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Part 2 - LPG Conversion Kit

<< Part 1 - Research | LPG Conversion Index | Part 3 - Installation >>

LPG Kit Contents

ScoobyLPG-WiringLoom.jpg: 480x640, 338k (August 28, 2009, at 10:11 PM)
ECU and wiring loom
ScoobyLPG-TankPic.jpg: 306x243, 10k (August 28, 2009, at 10:12 PM)
LPG Tank
ScoobyLPG-Injectors2.jpg: 640x480, 322k (August 28, 2009, at 10:16 PM)
ScoobyLPG-BracketMoun2.jpg: 640x480, 332k (March 29, 2014, at 09:41 PM)
ScoobyLPG-PressureSensor2.jpg: 640x480, 294k (August 28, 2009, at 10:14 PM)
Pressure Sensor

The LPG kit bought comprises the following parts supplied:

  • Bigas LPG ECU and wiring harness.
  • Bigas Liquid-phase shut-off valve.
  • Bigas RI-21 Double vaporizer/reducer.
  • Bigas injector rails, biagiotti fast x 2 banks.
  • AEB 1090 fuel sender unit.
  • AEB 025 pressure sensor.
  • AEB 750B changeover switch/level indicator.
  • Vapour-phase LPG filter x 2
  • Stako LPG tank Cylinder Type, 360 mm x 892 mm 80 litres gross, 64 litres (i.e. 80% of the gross capacity) LPG
  • Tank bracket and straps.
  • Europa multivalve 30 degree 360mm.
  • UK bayonet filler - 90 degree.
  • 8mm copper fuel pipe.
  • 4mm LPG pipe - used for pressure, vacuum and injector connections.
  • LPG rubber gas pipe.
  • Flashlube valve saver kit
  • Software and programming lead for ECU.
  • Latest version of the code of practice for fitting LPG systems to motor vehicles.
  • Full fitting instructions.

The above kit is very comprehensive and all other required fixings are in the kit. The only other parts I needed to buy were those that were required to relocate the washer bottles and battery on my car. I did fabricate brackets, as shown in the installation section, to mount the various parts as space is very limited on the Impreza. I also decided to use flexible 8mm lpg pipe as this made things a lot easier for routing the LPG pipe from front to rear.

The kit supplied from Tinleytech cost 930 inc vat and del.

Summary of the kits operation.

The above system is designed as a sequential multipoint LPG injection system. The double reducer (also known as a vaporiser) is able to supply a substantial amount of gas and is rated to 350hp. When coupled to the larger injectors supplied, this is feasible.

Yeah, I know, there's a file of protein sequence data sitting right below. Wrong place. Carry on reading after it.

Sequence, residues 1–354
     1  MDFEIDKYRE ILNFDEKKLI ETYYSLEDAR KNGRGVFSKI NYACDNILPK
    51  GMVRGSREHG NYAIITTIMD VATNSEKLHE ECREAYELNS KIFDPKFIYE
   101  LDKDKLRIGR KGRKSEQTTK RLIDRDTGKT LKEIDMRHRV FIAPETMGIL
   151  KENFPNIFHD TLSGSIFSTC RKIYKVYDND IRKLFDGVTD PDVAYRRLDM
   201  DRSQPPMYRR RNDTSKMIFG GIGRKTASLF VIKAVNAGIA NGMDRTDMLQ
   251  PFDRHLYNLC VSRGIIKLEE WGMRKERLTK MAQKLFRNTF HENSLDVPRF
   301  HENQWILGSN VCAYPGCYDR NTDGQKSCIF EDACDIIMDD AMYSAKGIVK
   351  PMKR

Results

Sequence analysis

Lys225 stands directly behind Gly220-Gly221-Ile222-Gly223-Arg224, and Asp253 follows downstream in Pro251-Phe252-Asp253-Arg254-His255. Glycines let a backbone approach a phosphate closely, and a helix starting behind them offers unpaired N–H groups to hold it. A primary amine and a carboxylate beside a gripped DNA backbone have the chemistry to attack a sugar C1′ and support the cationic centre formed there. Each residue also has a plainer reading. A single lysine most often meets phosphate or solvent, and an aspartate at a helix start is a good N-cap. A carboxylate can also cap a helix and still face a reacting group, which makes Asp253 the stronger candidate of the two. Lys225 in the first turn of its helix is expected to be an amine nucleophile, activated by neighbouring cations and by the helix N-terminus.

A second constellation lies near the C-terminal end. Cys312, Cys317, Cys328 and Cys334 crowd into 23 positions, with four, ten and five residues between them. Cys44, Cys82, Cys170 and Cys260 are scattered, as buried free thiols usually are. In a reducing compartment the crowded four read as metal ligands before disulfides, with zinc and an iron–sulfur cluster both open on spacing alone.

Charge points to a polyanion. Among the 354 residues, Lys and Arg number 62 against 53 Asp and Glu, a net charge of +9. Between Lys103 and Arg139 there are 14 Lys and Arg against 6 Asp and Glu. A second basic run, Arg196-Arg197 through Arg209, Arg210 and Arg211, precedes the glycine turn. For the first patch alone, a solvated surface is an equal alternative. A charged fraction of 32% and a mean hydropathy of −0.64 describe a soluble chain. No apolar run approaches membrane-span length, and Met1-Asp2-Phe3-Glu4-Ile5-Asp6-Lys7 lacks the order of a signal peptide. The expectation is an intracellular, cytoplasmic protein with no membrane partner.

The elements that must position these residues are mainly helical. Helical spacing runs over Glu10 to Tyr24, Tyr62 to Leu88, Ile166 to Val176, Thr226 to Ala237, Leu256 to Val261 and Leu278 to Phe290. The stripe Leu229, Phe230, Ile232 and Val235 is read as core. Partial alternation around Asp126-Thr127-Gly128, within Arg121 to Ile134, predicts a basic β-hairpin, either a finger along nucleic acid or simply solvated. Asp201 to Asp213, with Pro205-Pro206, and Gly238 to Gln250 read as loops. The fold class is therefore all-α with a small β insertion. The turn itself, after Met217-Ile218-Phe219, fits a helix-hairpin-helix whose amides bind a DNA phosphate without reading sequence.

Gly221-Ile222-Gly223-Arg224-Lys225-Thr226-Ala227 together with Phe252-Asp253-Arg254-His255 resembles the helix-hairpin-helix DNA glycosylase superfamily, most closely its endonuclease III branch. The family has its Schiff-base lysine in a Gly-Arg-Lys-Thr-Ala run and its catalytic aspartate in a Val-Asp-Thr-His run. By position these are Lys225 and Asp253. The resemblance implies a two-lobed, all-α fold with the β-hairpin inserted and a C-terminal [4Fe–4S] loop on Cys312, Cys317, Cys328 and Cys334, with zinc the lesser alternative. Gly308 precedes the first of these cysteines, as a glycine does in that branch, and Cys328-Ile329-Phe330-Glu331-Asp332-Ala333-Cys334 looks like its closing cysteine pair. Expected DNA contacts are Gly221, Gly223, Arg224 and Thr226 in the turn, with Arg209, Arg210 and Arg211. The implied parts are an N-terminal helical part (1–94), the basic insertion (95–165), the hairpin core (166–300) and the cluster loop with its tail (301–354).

The ECU allows the car to start on petrol and when a programmable predetermined coolant temperature is reached (the reducer is connected to the coolant system) it will automatically switch over to LPG ( if the car was stopped when running on LPG the last time). If stopped when running on petrol, the driver must switch over to gas after starting the vehicle. With either method the transition isn't noticeable and normally takes 25 seconds after initial starting (subject to temperature) which is done even when driving. The switch over is smooth due to the sequential switch over method. One gas injector takes over from its petrol counterpart while all the other petrol injectors continue injecting. Each one in turn is then switched over until all 4 are running LPG.

The LPG ECU mirrors the injector signals from the petrol ECU and in doing so injects the correct amount of gas to match the AFR of what it would be on petrol.

At high loads (and boost pressures) the system can be programmed to either switch back to petrol entirely or provide a petrol contribution. RPM and injection times in ms are used to program this. As some vehicles have idle problems with LPG it can also be set to return to petrol at low rpm.

The unit has a failsafe mechanism that will always leave the car able to run petrol even if a component fails. It can also be started on LPG in an emergency situation where petrol for whatever reason is unable to power/start the vehicle.

Summary of the mounting of the parts.

The tank can be mounted either inside the boot or externally on the vehicle. If mounted internally a gas tight box is used where the gas enters and exits the tank. The LPG lines and wiring from the tanks shut off valve and sender unit are routed via vent tubes. This ensures that no gas enters the cabin in the event of a gas leak.

The filler unit is of a bayonet type is mounted just about anywhere on the rear of the vehicle. This can be on a rear quarter panel or even the bumper. A bracket can be used to mount the filler without having to cut holes in panels.

The LPG supply pipe is mounted under the vehicle away from exhaust and suspension components.

The reducer and shut off valve are to be mounted on the bulkhead or inner wings, but not on the engine as it moves too much. A coolant supply is connected to the reducer in order to vaporise the gas at the right temperature and pressure.

The ECU can be fitted either inside the cabin or under the bonnet making sure that the wiring connectors face downwards to stop water ingress.

The injector banks can be mounted on the engine due to the rubber gas pipes that supply the LPG. The injectors supply nozzles at no more than 30cm distance, with the nozzles themselves being tapped into the manifold no more than 5cm away from the petrol injectors.

The LPG map sensor is mounted nearby the ECU.

The change over switch is located in the cabin on the dash board. It indicates the current fuel state and the tank level of the LPG.

The LPG code of practice supplies the information necessary to perform a safe installation.

Information Source - ScoobyLPG website, republished with permission,

<< Part 1 - Research | LPG Conversion Index | Part 3 - Installation >>

Page last modified on June 14, 2008, at 10:03 PM
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